Kaysie Uniacke
Managing Director, Investment Management Division
Goldman, Sachs & Co.
32 Old Slip
New York, New York 10005
Tel: 212 902-0879
Fas: 212 357-9001

December 6, 2002

Jonathan G. Katz, Secretary
U.S. Securities and Exchange Commission
450 Fifth Street, N.W.
Washington, D.C. 20549

RE: Disclosure of Proxy Voting Policies and Proxy Voting Records by Registered
Management Investment Companies: SEC File No. S7-36-02

Dear Mr. Katz:

This letter is submitted on behalf of Goldman Sachs Asset Management in connection with your request for comments on proposed regulations under the Investment Company Act of 1940 (the "1940 Act") that would require registered management investment companies ("funds") to provide disclosure about how they vote proxies relating to portfolio securities they hold. Goldman Sachs Asset Management serves as investment adviser to the Goldman Sachs Mutual Fund Family, which has current assets of approximately $103.5 billion. The proposed regulations were published in Release No. IC-25739 (the "Release").

In the Release, you have identified several objectives that the proposed regulations are intended to achieve. First, you believe that increased transparency of proxy voting by funds will enable fund shareholders to monitor their funds' involvement in the governance activities of portfolio companies, which could have a dramatic impact on shareholder value. Second, you note that recent corporate scandals have created renewed investor interest in issues of corporate governance and have underscored the need for funds to play more active roles in corporate governance. Third, you note that in some situations the interests of a fund's shareholders may conflict with those of its investment adviser with respect to proxy voting.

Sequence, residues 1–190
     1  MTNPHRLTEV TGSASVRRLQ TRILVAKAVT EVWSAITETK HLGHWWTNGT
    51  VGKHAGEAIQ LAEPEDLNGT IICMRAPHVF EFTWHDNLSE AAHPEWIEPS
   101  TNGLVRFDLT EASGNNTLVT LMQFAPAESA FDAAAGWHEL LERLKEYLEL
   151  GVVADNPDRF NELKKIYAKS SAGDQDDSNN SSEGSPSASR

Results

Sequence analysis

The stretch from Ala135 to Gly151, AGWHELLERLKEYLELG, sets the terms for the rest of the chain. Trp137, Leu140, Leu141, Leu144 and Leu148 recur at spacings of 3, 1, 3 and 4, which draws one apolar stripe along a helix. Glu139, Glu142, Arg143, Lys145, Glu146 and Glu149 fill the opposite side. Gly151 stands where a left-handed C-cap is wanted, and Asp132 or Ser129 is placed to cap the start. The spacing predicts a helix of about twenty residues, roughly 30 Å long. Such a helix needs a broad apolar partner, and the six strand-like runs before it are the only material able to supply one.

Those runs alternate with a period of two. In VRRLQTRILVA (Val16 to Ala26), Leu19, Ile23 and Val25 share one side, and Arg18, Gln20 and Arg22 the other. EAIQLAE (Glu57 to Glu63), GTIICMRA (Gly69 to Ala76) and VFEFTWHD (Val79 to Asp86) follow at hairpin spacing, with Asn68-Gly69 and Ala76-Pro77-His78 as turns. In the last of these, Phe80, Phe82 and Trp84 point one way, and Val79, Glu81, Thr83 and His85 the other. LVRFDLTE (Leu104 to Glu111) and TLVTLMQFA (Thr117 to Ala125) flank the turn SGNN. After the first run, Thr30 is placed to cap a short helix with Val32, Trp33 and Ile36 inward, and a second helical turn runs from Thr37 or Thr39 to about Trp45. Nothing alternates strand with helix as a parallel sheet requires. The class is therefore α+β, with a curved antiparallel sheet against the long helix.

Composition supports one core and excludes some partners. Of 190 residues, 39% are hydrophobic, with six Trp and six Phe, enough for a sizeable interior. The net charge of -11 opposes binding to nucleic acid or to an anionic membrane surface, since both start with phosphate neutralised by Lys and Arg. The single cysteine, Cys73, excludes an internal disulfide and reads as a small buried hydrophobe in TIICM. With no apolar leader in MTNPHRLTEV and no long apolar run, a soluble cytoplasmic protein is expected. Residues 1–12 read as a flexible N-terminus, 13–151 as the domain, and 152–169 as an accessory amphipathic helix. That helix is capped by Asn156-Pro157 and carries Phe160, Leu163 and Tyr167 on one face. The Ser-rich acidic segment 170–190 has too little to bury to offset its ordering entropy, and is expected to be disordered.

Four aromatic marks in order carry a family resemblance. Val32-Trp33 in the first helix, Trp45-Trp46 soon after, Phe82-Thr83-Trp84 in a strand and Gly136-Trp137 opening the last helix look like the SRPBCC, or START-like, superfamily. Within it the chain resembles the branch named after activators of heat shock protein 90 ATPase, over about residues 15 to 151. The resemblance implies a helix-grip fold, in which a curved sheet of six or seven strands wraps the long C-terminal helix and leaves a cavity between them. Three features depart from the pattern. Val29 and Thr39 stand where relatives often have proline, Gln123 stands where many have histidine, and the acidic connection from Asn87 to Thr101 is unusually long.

You propose to achieve these three objectives through various types of public disclosures. First, you propose to require funds to disclose in their statements of additional information the policies and procedures that are used to determine how to vote proxies relating to portfolio securities. This would also include disclosure of the procedures that are used when a vote presents a conflict between the interests of a fund's shareholders and those of various affiliated persons. Second, you propose to require each fund to file with you its proxy voting record and to make this record available to its shareholders. Third, you propose to require a fund to disclose in its annual and semi-annual shareholder reports information regarding any proxy votes that are inconsistent with the fund's proxy voting policies and procedures.